The American Transmission Company has asked for state approval to rebuild two more aging power lines in south central Wisconsin.  The Pewaukee firm has filed requests with the DNR and the Public Service Commission to re-build a 25-mile line from Prairie du Sac to Portage -- plus a 20-mile line from Montello to Wautoma.  ATC says the copper wiring on the Portage line is about 100 years old, and both lines are in poor shape.  The two lines would cost around $51-million to upgrade.  If the state approves, the work would be done in 2017.  Also, ATC has a request pending for a 20-mile transmission line upgrade in Walworth and Rock counties, plus a new substation at Clinton.  That project would cost around $40-million.  The PSC recently approved an 11-and-a-half million re-building project in the Kenosha County towns of Paris and Somers.  That 12-and-a-mile improvement is set for this fall.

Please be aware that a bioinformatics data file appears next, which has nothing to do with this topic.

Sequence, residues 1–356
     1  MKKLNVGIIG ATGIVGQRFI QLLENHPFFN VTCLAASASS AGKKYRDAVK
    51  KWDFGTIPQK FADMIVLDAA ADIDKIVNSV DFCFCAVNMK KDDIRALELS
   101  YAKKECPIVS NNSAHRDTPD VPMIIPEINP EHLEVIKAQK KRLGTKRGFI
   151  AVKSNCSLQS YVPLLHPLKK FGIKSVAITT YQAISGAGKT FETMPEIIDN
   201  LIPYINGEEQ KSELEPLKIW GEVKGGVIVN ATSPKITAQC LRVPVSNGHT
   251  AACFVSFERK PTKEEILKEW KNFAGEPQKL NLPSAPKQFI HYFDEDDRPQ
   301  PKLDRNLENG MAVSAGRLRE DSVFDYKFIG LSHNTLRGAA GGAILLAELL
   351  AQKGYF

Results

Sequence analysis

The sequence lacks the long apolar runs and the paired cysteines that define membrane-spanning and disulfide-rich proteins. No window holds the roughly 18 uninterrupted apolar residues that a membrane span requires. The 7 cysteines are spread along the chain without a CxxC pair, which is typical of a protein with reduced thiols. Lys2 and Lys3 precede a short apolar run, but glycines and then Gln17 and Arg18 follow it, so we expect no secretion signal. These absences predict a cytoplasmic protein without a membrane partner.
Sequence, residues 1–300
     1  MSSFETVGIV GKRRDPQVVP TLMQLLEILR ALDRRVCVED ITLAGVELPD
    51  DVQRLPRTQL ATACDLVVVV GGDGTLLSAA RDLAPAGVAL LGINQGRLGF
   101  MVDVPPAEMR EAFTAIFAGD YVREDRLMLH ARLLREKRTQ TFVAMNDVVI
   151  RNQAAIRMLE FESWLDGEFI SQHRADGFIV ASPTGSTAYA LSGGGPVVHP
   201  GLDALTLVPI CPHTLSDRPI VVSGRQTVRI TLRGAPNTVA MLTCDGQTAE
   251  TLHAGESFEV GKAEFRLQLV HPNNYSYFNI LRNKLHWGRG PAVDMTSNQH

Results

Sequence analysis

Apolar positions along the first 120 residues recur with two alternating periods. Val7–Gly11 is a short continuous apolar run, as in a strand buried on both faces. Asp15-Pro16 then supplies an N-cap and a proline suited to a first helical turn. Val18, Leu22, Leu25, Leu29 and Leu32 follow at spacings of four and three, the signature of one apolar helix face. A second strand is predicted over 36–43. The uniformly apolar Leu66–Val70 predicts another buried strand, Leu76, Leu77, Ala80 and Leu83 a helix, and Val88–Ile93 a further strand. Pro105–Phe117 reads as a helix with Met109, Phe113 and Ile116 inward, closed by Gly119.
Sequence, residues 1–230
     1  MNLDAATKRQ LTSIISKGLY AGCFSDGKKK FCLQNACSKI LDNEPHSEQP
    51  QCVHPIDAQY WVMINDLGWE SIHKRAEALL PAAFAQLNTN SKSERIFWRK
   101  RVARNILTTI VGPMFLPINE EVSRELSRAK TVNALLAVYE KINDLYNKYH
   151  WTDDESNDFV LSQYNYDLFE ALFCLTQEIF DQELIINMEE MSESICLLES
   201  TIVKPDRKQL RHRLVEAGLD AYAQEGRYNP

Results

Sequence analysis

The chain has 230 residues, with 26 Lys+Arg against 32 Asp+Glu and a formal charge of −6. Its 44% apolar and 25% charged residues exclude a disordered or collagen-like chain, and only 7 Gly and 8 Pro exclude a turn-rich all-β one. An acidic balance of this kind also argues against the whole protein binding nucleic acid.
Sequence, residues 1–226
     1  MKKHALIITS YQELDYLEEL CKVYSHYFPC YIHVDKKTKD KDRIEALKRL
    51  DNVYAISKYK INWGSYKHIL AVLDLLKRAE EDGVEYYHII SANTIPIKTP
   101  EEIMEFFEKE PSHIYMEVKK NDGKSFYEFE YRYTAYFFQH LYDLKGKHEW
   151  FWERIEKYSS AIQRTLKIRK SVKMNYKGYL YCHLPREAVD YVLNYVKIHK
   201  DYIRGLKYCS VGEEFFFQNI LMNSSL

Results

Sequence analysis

A judge in Wausau is expected to decide next Wednesday whether a man should stand trial on charges that he killed a pedestrian while high on prescription drugs.  A $30,000 cash bond was set yesterday for 47-year-old Evan Mooney of Merrill.  Prosecutors said there were a half-dozen medicines in Mooney's system last October, when his vehicle struck-and-killed 86-year-old John Diktanas of Crivitz.  Mooney was arrested over the Memorial Day Weekend on a Marathon County warrant.  He's charged with four felonies -- homicide by negligent driving, homicide while driving under a controlled substance, fifth-or-sixth-time OWI, and causing death with a revoked driver's license.